‘If you see something, say something’ has become twisted into a catchphrase of the surveillance state, and thus something that we shy away from. However, the core sentiment speaks to something that’s not about surveillance, but about a duty of care to other humans. Because when we see something, we should say something, even if it is difficult and unsettling to do so. We owe it to each other, because otherwise, we are alone in a dangerous and frightening world.
I’m talking about bystander intervention here, a skill that people should be learning and leveraging to make the world a better place. One of the reasons oppression and abuse and cruelty persist is that no one moves to change these things — people watch silently, feeling uneasy and restless, knowing it’s not okay, but not knowing where to go from there. It’s hard to overcome the very intense drive to not intervene, to not make a fuss, to just let something pass by.
Some organisations actually offer bystander intervention training and if it’s available in your area, I really recommend taking it. While a lot of the things they teach are common sense, having them reinforced can make them reflexive, and being able to practice them in a space dedicated for that purpose can be really useful. It’s easier to intervene in a scary situation when you’ve roleplayed it in more controlled circumstances.
Considerable amounts of research have explored both the bystander effect and bystander intervention. Researchers have found that it’s pretty effective in a variety of situations and for an assortment of reasons. Sometimes one person speaking out makes other people join in, feeling emboldened by the person who was willing to resist. Sometimes, an abuser realises that they are being watched and that someone sees the situation and is going to do something about it, and it has a chilling effect on whatever they’re trying to do.
People engage in shocking acts of abuse in public because they think they can get away with it. Because they’ve seen people get away with it in the past. Because the people they are abusing are marginalised and afraid and nervous about reaching out for help, fearing being turned down. Predators identify those they consider ‘weak’ and they’ll take advantage of that, until they find out that their weak prey are actually anything but. Many abusers are actually pretty pathetic, covering up fear and insecurity and other things with viciousness, and it doesn’t take much to pop their bubble.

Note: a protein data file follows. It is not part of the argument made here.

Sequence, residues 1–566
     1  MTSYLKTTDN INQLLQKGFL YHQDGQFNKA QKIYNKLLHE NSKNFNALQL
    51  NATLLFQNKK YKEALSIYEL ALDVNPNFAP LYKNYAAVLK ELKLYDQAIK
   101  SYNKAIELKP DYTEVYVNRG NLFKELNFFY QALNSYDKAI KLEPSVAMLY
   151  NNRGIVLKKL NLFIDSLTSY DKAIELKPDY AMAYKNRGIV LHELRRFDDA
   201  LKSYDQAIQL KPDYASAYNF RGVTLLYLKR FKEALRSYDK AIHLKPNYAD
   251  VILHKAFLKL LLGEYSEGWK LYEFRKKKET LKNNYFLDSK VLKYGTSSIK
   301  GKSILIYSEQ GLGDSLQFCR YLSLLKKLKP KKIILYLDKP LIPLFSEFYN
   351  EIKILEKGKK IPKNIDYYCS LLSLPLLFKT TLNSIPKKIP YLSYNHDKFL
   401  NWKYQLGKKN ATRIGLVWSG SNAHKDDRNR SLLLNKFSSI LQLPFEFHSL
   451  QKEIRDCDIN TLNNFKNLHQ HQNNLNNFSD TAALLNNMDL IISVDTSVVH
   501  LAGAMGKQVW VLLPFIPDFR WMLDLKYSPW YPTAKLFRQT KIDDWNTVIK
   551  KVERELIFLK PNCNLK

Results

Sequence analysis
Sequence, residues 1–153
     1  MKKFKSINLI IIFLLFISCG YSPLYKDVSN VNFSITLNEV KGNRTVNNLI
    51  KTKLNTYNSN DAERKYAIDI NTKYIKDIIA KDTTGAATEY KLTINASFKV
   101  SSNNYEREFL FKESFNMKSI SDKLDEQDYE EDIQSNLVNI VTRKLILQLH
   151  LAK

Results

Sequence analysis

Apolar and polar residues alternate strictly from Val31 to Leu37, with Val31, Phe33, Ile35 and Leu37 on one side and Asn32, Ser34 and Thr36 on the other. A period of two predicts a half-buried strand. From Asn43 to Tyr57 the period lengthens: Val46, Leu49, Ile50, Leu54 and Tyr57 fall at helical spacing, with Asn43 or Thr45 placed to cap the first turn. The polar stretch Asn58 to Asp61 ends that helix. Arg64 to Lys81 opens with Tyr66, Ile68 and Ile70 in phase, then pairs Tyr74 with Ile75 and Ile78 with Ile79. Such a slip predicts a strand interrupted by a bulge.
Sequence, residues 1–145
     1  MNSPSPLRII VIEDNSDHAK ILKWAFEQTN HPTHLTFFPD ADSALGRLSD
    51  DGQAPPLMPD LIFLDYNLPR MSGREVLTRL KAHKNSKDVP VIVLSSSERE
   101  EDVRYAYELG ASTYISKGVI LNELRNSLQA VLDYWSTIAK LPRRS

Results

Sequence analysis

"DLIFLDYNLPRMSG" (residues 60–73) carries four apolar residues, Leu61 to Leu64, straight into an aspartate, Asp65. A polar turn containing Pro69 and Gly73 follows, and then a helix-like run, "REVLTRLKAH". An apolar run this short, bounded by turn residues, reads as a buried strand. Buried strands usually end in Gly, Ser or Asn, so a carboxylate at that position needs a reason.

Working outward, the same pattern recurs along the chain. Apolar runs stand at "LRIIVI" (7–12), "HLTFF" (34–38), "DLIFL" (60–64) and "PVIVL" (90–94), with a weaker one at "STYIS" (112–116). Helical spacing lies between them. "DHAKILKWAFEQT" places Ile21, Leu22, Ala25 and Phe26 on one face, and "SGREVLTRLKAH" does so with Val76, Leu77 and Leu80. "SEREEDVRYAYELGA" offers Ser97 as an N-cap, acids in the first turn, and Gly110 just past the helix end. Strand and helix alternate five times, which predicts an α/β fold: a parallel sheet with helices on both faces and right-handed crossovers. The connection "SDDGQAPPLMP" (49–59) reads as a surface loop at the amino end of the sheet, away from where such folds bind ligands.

A really interesting study explored the effects of bystander intervention on a platform notorious for abuse: Twitter. Researchers took on questions of racism and racist behaviour, curious to know if there was an automated way to functionally address it. They found that indeed there was: They built anti-racist bots who would call out racism when they saw it. The bots worked, if they were white and male. Thus, they showed not only that bystander intervention works, but that it can have shades of meaning.
This has big implications for people in positions of privilege. If you hold privilege in a situation, you can use it like a weapon, or as a tool — if you’re a white man on Twitter and you see racism and say something, it makes a difference. If you have a nice white male avatar and a vague name…you can become a tool for resisting racism, whether you’re running a bot or an alternate account or you’re working incognito. Bystander intervention works, and can make environments less toxic.
It goes against a lot of social training. We’re taught to be nice and quiet, to not attract attention or controversy. We’re taught not to contradict people and we’re also trained to avoid getting involved in ‘ugly’ situations. That’s why bystander intervention works so well, though, because people aren’t expecting it. Racists think they can abuse people on Twitter because no one will say anything. People think they can beat their partners in public because they assume people will turn away. People think they can scream transphobic slurs at women in a parade because they believe that the bystanders around them will remain silent.
So don’t be silent. Yes, it takes work, especially if you have anxiety or other mental health conditions and/or cognitive disabilities. Not everyone can do it. You won’t necessarily do it perfectly. But you have the power to say something when you see something, and that power is worth using. You alone can decide how you want to live your life and navigate the world. I think it’s worth trying to make the world better for other people by using the power that I do have to intervene when I see something that is wrong, whether I’m leading an intervention or joining one.
In a community where people exercise this duty of care, it becomes harder to abuse. It also becomes easier to identify abuse, because when you see intervention happening around you, it’s easier to internalise that yes, this thing that is happening, it is abuse and it is not okay. If it is happening to you or someone you know, you don’t need to tolerate it. That right there? Is an important thing in a world where abusive tactics, patterns, and beliefs are everywhere, including at the very highest levels of society.
Image: Crowd, Cassandra Panayiatopoulos, Flickr